Privacy and security issues shake up Zoom's success | Innovation

A simple line of code has opened the Pandora box for the privacy and security of the Zoom video conferencing app. A line with which the company itself activated a software development kit - better known as the SDK for its Facebook acronym - that allowed both the social network and the application to collect certain data, such as IP, without the consent of the users. , the type of device, the operating system, and the location and time use of the connection. “It has only affected the Apple ecosystem. This Monday they already amended the error, but the damage has been done. They have amassed massive data whether you have a Facebook account or not. Now they can profile those who have connected, "says attorney Natalia Martos, founder of Legal Army.

These practices have prompted New York Attorney General Letitia James to open a judicial investigation. In a letter sent to the organization, it asks that it specify what kind of information it collects, for what purposes and to what other entities it provides consumer data. “It is a company that does not take privacy into account. Although difficult to prove, this is a full-blown data sale. It has taken a slice. No one sells information for free. More or less is what happened with Cambridge Analytica"Martos argues. But this lack of privacy only represents the tip of the iceberg of all the controversies that the coronavirus-imposed quarantine has uncovered in an application whose downloads have grown thanks to 86% confinement in a month, according to the Crunchbase portal.

An investigation of The New York Times It has revealed this Thursday that the application had a data mining function, just start the session, which automatically linked user names and email addresses with LinkedIn profiles. It didn't matter that during the call someone used a pseudonym or opted for anonymity. If a user activated the LinkedIn Sales Navigator service, they could access the profiles of this social network of other participants in the video call by clicking on an icon next to their names. The CEO of the company, Eric S. Yuan, has announced that for the next 90 days he will freeze these types of options to correct them and reverse the security and privacy problems detected.

Attacks of trolls, intrusion into external video calls, public links to the rooms, a default configuration for file sharing that allows sending malware... An excessive accumulation of vulnerabilities for recently reaped success. The use of Zoom has become popular during this crisis thanks to the arrival to forced marches of telework, video calls between friends and family, remote classes and all kinds of remote connections.

As the days go by, the controversies multiply. Some users have confirmed that it is relatively easy for someone to control their activity while they are using the application. For example, the One Zoom feature alerts the caller if a guest has been more than 30 seconds without the open program in the foreground. That way a boss could know if someone has followed a meeting with more or less attention. The management of emails has also generated controversy. The app automatically adds other people to a user's contact list if they sign in with a mail that shares the same domain. It can help in the search for a specific partner, although the hidden face is that the company, by unifying them as if they worked for the same organization, exposes the personal information among everyone. "If this occurs in the European Union, the fine would be impressive," ditch Martos.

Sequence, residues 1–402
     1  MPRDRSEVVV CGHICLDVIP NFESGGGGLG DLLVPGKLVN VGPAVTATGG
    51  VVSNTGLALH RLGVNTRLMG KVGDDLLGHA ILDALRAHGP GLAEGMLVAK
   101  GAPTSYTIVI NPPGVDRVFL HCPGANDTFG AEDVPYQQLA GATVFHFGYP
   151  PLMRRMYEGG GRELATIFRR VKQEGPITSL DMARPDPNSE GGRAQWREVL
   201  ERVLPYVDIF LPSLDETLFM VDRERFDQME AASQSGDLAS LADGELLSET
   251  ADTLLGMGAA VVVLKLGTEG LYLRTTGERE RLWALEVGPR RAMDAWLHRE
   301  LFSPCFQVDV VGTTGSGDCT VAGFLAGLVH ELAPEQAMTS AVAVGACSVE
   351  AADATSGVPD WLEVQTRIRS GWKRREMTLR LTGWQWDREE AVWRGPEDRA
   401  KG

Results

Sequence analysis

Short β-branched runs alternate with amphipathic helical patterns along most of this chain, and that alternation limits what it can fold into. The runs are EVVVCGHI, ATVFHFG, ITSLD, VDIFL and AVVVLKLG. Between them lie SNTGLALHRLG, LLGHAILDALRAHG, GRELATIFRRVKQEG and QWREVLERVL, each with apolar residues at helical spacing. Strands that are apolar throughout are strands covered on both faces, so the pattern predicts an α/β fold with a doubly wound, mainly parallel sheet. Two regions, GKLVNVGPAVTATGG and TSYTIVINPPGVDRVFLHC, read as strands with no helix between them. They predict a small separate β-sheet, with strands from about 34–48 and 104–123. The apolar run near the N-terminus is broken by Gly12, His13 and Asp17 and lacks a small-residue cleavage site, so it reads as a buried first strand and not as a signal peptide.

Zoom has defended itself against the allegations with an entry on its corporate blog. He argues that he does not sell any type of personal information; that it respects privacy laws such as the European Data Protection Regulation and the California regulations, known as CCPA; and that it does not control meetings or the content exchanged. The latter has raised a stir. It was advanced by the digital medium The Intercept by claiming that there is no true end-to-end encryption in video calls, but one TLS. That is, third parties do not access audio and video, but the app Yes, you can do it through the server through which the information runs. "We will continue to improve and evolve our privacy approach to ensure that we are doing the right thing for our users," says the company.

In the meantime, the cybercriminals take advantage of the moment to scam users. Despite being a free application, in mobile stores we can find it for about four euros. It is an obvious example of phishing –A set of techniques that seek to deceive a victim, earning their trust by posing as a trusted person, company or service. They supplant the Zoom image with an identical one, as if they superimposed the false identity on the original. “There are no magic recipes to detect it. You have to be very careful and check everything. If we look closely, companies often incorporate authenticity data, ”says Óscar Lage, a cybersecurity expert at Tecnalia.

Repairing part of the errors is already impossible. As Lage maintains, these problems are the result of products that simply focus on functionality. “Privacy and security are not included from the beginning. The only solution they have left is to patch the app. The ideal would be to use open source, community-maintained and auditable applications, ”he explains. There are more options to maintain digital contact or continue working from home. Each with its characteristics and limitations, but the success of Zoom has not monopolized video calls. "Google Hangouts and Skype would be good alternatives. They are subject to very strict privacy, "concludes Martos.


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